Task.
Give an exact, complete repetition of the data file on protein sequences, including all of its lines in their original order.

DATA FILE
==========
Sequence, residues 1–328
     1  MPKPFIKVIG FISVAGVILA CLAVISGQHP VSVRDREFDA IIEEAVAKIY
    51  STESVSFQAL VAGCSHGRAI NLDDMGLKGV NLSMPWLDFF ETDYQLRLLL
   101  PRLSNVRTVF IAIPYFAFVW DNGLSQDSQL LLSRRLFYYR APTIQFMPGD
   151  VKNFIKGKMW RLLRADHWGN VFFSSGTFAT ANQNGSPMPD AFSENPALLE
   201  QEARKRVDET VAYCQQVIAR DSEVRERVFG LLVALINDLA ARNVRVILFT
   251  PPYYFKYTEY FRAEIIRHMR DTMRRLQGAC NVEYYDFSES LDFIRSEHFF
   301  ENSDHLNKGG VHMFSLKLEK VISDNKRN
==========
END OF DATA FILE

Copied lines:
Sequence, residues 1–328
     1  MPKPFIKVIG FISVAGVILA CLAVISGQHP VSVRDREFDA IIEEAVAKIY
    51  STESVSFQAL VAGCSHGRAI NLDDMGLKGV NLSMPWLDFF ETDYQLRLLL
   101  PRLSNVRTVF IAIPYFAFVW DNGLSQDSQL LLSRRLFYYR APTIQFMPGD
   151  VKNFIKGKMW RLLRADHWGN VFFSSGTFAT ANQNGSPMPD AFSENPALLE
   201  QEARKRVDET VAYCQQVIAR DSEVRERVFG LLVALINDLA ARNVRVILFT
   251  PPYYFKYTEY FRAEIIRHMR DTMRRLQGAC NVEYYDFSES LDFIRSEHFF
   301  ENSDHLNKGG VHMFSLKLEK VISDNKRN